HARRISBURG, Pa. (KDKA/AP) – Pennsylvania environmental regulators released the findings of their investigation into a series of minor earthquakes that took place near fracking operations by an oil and gas company.
The temblors, all too weak to be felt by humans, were recorded last April in Lawrence County, about 50 miles north of Pittsburgh and three-quarters of a mile from a natural gas well owned by Houston-based Hilcorp Energy Co. No damage was reported.
The state Department of Environmental Protection has concluded that the series of seismic events that occurred on April 25, 2016, in Lawrence County can be related to operating activities.
Hydraulic fracking by the Hilcorp Energy Company caused four low magnitude earthquakes.
According to the DEP, the seismic events “showed a ‘marked temporal/spatial relationship’ to hydraulic fracturing activities at Hilcorp’s North Beaver NC Development well pad.”
The magnitude of the earthquakes ranged from 1.8 to 2.3. They were not felt on the surface, but were captured by seismometers. While they were considered micro-seismic, recommendations were made by the DEP during a Friday morning webinar.
“If any event of a two or greater is detected within a three-mile distance surrounding the wellbore path or well being stimulated, it is recommended the operator notify DEP in accordance with the previous established schedule and also discontinue hydraulic fracturing,” Seth Pelepko, of the DEP, said.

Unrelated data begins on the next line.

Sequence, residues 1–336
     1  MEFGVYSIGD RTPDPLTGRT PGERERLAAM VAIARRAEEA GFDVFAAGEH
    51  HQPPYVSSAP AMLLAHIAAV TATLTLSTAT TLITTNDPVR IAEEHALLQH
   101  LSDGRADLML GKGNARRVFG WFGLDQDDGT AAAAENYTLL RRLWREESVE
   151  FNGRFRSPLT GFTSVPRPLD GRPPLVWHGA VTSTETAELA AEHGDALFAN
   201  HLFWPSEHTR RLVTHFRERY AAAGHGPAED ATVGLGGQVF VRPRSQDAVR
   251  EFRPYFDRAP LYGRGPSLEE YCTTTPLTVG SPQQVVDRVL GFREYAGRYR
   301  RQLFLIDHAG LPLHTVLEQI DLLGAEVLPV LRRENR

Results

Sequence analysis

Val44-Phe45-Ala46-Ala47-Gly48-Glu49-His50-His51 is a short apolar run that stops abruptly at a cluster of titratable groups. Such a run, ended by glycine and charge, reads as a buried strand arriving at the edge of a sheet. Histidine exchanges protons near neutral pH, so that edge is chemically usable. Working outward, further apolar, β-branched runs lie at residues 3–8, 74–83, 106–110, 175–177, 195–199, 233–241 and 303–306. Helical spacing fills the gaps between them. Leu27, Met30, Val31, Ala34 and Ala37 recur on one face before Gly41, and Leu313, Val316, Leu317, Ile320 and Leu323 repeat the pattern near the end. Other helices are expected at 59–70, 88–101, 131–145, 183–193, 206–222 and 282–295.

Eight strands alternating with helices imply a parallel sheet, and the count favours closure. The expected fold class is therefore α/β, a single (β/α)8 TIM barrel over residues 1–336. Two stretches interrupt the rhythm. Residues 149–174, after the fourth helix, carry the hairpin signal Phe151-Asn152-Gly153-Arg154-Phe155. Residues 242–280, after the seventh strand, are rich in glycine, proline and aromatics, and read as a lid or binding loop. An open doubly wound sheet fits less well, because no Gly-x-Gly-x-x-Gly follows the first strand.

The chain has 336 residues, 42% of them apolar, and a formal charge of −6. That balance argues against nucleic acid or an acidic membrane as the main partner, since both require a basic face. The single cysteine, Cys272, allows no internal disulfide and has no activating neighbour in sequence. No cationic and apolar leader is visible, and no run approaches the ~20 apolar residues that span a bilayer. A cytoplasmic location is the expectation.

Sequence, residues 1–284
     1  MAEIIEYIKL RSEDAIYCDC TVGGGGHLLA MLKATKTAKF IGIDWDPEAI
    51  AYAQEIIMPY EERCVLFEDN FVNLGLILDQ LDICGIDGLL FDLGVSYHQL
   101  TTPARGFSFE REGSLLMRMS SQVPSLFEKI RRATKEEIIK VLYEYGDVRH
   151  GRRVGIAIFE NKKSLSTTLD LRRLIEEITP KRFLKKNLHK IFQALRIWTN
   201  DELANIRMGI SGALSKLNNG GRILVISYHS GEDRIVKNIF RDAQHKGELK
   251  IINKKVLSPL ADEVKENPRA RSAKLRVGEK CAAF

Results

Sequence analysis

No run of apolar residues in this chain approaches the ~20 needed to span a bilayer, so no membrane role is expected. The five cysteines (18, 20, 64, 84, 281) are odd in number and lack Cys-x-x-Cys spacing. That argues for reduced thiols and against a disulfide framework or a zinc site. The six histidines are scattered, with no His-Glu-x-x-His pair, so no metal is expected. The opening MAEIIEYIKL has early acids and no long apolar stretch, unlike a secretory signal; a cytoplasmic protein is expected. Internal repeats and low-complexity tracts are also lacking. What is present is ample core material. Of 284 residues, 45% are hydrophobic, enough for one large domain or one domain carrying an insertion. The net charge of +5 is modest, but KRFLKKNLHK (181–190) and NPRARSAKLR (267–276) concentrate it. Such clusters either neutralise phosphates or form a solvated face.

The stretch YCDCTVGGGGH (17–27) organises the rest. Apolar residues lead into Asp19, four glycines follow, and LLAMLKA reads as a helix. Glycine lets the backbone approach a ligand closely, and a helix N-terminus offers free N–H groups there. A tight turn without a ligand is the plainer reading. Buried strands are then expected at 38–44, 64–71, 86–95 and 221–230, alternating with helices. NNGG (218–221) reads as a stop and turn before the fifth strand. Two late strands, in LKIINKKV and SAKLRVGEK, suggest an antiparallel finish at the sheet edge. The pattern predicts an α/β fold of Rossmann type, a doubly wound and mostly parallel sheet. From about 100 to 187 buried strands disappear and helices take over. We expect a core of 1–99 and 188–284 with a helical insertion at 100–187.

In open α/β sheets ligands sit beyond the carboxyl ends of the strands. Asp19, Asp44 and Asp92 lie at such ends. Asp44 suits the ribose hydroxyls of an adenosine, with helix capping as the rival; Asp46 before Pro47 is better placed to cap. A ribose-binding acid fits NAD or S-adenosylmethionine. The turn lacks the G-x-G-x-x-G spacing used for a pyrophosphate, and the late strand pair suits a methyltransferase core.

The Hillcorp pad has four wells which is within a five-mile radius of the epicenters of the earthquakes.
Hilcorp has been given recommendations going forward.
“The recommendations were part of an ongoing development process and they were handed out in the September-October timeframe and so far, Hilcorp is complying with the recommendations,” Pelepko said.
Fracking has been tied to earthquakes in other states including neighboring Ohio, but never in Pennsylvania – until now.
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